Many operators at the tender port offer (boat)excursions.
It pays to compare your cruise line tours here.
Oia (or Ia) Santorini: Oia, pronounced "ee-aa", is the
most famous of
all villages of Santorini. It is known throughout the world for its
quiet life and fantastic sunset, and is certainly the most beautiful
and picturesque village of Santorini. The village is also situated
on top of an impressive cliff and offers a spectacular view over the
volcano of Palia and Nea Kameni and the island of Thirassia. Oia is
situated on the north of the island, 11 km away from Fira. Taxis will
set you back around 15 euros, buses are another good alternative.
The bus station in Fira is near the Cathedral, at the far end of the pedestrian way from the cliff lift.
For approx. € 25 per person you can take a fast boat from Fira to Oia and back. You don't need to go up, but you remain down in the old port. It's well indicated. From there it's 20 minutes to Ammoudi Port in Oia. The bus from the port to the center of Oia is included and you have 1.5 hours to spend before turning back by bus to Fira.
From the bus terminal in Fira you can take a bus to Oia. The journey takes about 30 minutes and costs just € 1.80 per person (one way). You can purchase your ticket on the bus. The final stop in Oia is within walking distance from the center. You park even closer to the city center than the tour buses of the cruise lines.
Akrotiri is an ancient town that was buried when the volcano erupted 3500 years ago. Archeologists are still excavating it, but you can walk around in the little street quarters and see the buildings almost like they were back then. You'll be impressed by the modernity: the houses were two or three stories high, and they even had running water...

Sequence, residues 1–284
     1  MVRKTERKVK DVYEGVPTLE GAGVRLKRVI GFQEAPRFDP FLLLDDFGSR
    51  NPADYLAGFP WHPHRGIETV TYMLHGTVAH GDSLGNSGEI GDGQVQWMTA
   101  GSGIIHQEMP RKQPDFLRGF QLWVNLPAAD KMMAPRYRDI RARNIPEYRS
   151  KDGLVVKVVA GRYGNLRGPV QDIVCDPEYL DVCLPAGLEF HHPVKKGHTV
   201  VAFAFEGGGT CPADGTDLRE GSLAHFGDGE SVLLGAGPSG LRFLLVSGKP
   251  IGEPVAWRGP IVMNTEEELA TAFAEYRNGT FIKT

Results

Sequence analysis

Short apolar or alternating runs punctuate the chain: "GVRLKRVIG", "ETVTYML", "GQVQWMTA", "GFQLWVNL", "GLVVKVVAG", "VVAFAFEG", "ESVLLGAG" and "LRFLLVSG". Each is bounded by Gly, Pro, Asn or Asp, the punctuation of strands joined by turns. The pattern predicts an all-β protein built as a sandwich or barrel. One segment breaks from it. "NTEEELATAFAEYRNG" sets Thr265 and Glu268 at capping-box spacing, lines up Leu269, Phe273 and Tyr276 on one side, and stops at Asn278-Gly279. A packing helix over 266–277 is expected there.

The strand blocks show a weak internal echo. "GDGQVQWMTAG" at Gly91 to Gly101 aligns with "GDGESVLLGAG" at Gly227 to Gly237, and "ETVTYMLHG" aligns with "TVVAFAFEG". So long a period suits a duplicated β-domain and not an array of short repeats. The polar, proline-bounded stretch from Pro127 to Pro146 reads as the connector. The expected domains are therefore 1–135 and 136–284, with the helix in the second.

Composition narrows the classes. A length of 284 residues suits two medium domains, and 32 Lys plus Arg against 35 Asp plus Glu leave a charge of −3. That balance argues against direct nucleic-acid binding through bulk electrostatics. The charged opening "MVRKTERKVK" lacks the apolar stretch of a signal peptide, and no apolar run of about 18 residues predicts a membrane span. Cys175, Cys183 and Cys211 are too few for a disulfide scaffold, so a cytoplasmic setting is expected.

Santorini's shops - and especially those in Fira - will tempt you for sure. Taking a walk along the narrow cobbled streets of Fira, shop windows will definitely grab your attention. The first to catch your eye are the jewel shops that you will find along Ypapantis street, or "Gold Street" as it has been nicknamed. Not unduly, as this street is considered to be one of the biggest gold markets in Greece. Here you will find the most modern jewels designed by the most famous jewelers from both Greece and abroad.
Traditional dishes such as tomato balls, the Santorini salads, split peas in all their variations, white aubergine, stuffed round courgette's, omelets, cooked capers, fresh cheese, and local specialties including apoxti (a type of cured ham), sausages, wild rabbit with a cheese and egg sauce, brantada, sweet melitinia, and saffron bread rusks, all express the rich and varied cuisine of the island's culture.
A well stocked and very reasonable priced duty free shop is at the tender dock.
US Dollars often accepted, but the exchange rate is often not that great.
Language: Greek. English widely spoken.
At the tender dock is open free wifi, in town many cafes offer free internet if something is consumed.
Santorini web cams
Shopping hours are very liberal on Santorini.
Business holidays include New Year's Day (1 January), Epiphany (6 January), Lent (March; date varies), Greek Independence Day (25 March), Good Friday, Easter Sunday, and Easter Monday (March or April; dates vary), Labor Day (1 May), Holy Spirit Day (early June), Assumption (15 August), Ochi Day (28 October), Christmas Day (25 December), and Boxing Day (26 December).